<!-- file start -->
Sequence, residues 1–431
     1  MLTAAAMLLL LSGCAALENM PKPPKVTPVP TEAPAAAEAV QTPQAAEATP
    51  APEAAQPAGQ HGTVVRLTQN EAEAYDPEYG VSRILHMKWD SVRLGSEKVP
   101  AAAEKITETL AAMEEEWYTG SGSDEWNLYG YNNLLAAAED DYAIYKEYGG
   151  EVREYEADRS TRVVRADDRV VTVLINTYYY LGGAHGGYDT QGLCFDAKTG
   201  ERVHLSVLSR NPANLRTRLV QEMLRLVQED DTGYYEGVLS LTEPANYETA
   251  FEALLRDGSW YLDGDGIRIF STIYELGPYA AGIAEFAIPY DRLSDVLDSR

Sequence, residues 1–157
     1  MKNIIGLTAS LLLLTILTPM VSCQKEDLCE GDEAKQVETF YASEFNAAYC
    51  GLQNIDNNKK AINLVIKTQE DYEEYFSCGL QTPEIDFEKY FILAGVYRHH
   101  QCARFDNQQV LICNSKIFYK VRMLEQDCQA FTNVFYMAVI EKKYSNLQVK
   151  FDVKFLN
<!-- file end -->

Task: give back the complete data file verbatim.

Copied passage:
Sequence, residues 1–431
     1  MLTAAAMLLL LSGCAALENM PKPPKVTPVP TEAPAAAEAV QTPQAAEATP
    51  APEAAQPAGQ HGTVVRLTQN EAEAYDPEYG VSRILHMKWD SVRLGSEKVP
   101  AAAEKITETL AAMEEEWYTG SGSDEWNLYG YNNLLAAAED DYAIYKEYGG
   151  EVREYEADRS TRVVRADDRV VTVLINTYYY LGGAHGGYDT QGLCFDAKTG
   201  ERVHLSVLSR NPANLRTRLV QEMLRLVQED DTGYYEGVLS LTEPANYETA
   251  FEALLRDGSW YLDGDGIRIF STIYELGPYA AGIAEFAIPY DRLSDVLDSR

Sequence, residues 1–157
     1  MKNIIGLTAS LLLLTILTPM VSCQKEDLCE GDEAKQVETF YASEFNAAYC
    51  GLQNIDNNKK AINLVIKTQE DYEEYFSCGL QTPEIDFEKY FILAGVYRHH
   101  QCARFDNQQV LICNSKIFYK VRMLEQDCQA FTNVFYMAVI EKKYSNLQVK
   151  FDVKFLN